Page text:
What the health: pregnancy and childbirth in the time of coronavirus

19 May 2020

What you need to know about pregnancy and childbirth in the time of coronavirus.

pregnant womanSince the coronavirus pandemic and social distancing many things have changed about how we live day to day. Individuals are staying home as much as they are able and leaving the house only for essential services and work to protect the health of the community. If you are having a baby what does this mean?

Despite these changes the provision of high-quality healthcare for mothers and babies remains a priority for health services. However, how healthcare is provided may look different at this time. Regardless, we know that pregnancy and birth is safest when care is provided by trained health care professionals.

During your pregnancy, instead of coming to hospital for your regular appointments you may find that some of your care is provided either in the community, by phone or by video conferencing. Your maternity care team at your planned birth hospital will advise you on what this means for you.

Remember to always seek medical care if you are concerned. In the first case this may mean a phone call to your healthcare provider. Should you need to come into hospital be sure to phone ahead and talk with staff, this can help reduce waiting times in busy areas.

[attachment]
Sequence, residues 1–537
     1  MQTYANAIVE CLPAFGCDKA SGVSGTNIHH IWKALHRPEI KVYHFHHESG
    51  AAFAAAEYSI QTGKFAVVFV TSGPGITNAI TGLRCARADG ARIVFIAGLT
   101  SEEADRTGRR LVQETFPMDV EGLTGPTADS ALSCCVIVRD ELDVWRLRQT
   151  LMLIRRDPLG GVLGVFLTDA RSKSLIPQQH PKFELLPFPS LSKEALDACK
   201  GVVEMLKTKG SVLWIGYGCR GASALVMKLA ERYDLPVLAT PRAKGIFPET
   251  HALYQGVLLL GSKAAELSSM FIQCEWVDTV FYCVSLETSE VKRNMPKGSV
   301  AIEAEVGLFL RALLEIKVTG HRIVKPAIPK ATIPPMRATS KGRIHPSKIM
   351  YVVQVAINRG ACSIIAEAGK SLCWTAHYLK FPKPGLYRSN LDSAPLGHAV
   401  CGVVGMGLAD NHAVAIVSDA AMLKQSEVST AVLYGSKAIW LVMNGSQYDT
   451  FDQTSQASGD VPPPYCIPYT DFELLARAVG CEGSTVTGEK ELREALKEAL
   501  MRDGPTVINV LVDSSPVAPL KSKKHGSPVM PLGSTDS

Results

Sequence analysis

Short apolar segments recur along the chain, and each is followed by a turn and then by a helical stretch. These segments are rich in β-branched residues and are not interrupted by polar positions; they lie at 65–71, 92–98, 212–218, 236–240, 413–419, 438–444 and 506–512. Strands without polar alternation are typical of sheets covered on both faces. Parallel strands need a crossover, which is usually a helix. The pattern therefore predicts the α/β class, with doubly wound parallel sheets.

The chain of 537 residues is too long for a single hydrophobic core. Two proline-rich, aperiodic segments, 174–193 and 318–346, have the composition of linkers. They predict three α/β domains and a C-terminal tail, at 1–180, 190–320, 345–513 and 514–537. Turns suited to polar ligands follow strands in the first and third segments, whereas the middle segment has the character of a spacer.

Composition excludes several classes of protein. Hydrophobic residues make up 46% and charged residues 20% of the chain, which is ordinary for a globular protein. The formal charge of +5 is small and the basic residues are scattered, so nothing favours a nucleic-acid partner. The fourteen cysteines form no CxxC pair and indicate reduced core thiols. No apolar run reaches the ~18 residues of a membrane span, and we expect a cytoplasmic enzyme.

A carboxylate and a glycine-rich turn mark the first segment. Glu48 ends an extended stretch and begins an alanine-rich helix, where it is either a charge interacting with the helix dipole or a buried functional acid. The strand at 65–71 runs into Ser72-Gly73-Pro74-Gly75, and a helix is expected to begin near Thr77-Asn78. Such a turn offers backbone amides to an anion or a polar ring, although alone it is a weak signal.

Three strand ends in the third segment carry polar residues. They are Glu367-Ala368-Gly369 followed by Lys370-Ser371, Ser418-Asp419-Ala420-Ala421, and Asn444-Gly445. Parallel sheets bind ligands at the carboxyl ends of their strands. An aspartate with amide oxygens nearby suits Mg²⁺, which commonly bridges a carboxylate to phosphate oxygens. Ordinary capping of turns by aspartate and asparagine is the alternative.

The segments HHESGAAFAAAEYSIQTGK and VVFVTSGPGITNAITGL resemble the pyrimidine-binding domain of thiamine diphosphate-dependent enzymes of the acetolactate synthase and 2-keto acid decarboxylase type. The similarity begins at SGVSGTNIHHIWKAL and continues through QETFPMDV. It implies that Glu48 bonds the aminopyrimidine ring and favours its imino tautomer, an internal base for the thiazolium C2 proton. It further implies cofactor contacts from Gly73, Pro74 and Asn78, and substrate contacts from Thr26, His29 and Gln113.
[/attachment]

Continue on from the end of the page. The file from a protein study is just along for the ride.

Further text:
It is safe to come to hospital?

Within hospitals and healthcare services infection control is always an essential part in providing high quality care.  Now with the coronavirus pandemic even more information about social distancing, the importance of frequent hand washing and increased availability of hand hygiene stations are noticeable.

When you are giving birth the hospital may limit the number of support people you can have with you. Again your hospital will have information about this for you.

At the moment many hospitals are permitting one support person to visit after your baby is born.  Remember once you are discharged from hospital social distancing remains so keep family and friends updated with social media.

All strategies are aimed to reduce the chance of you, your baby and family as well as healthcare staff getting coronarvirus. In Australia, our health services have had time to plan and prepare to keep mothers and babies and their families safe.

To support mothers and families at this time there are a number of resources that are available, some are listed below. As we continue to learn more about coronavirus, these resources and advice may be updated - so check these regularly:

Catherine KilgourAuthor: Dr Catherine Kilgour is an academic, midwife, registered nurse and neonatal nurse. Along with her continued clinical work, she has contributed to project, policy and advisory roles in Queensland Health. Dr Kilgour is a lecturer and researcher in UQ’s School of Nursing, Midwifery and Social Work.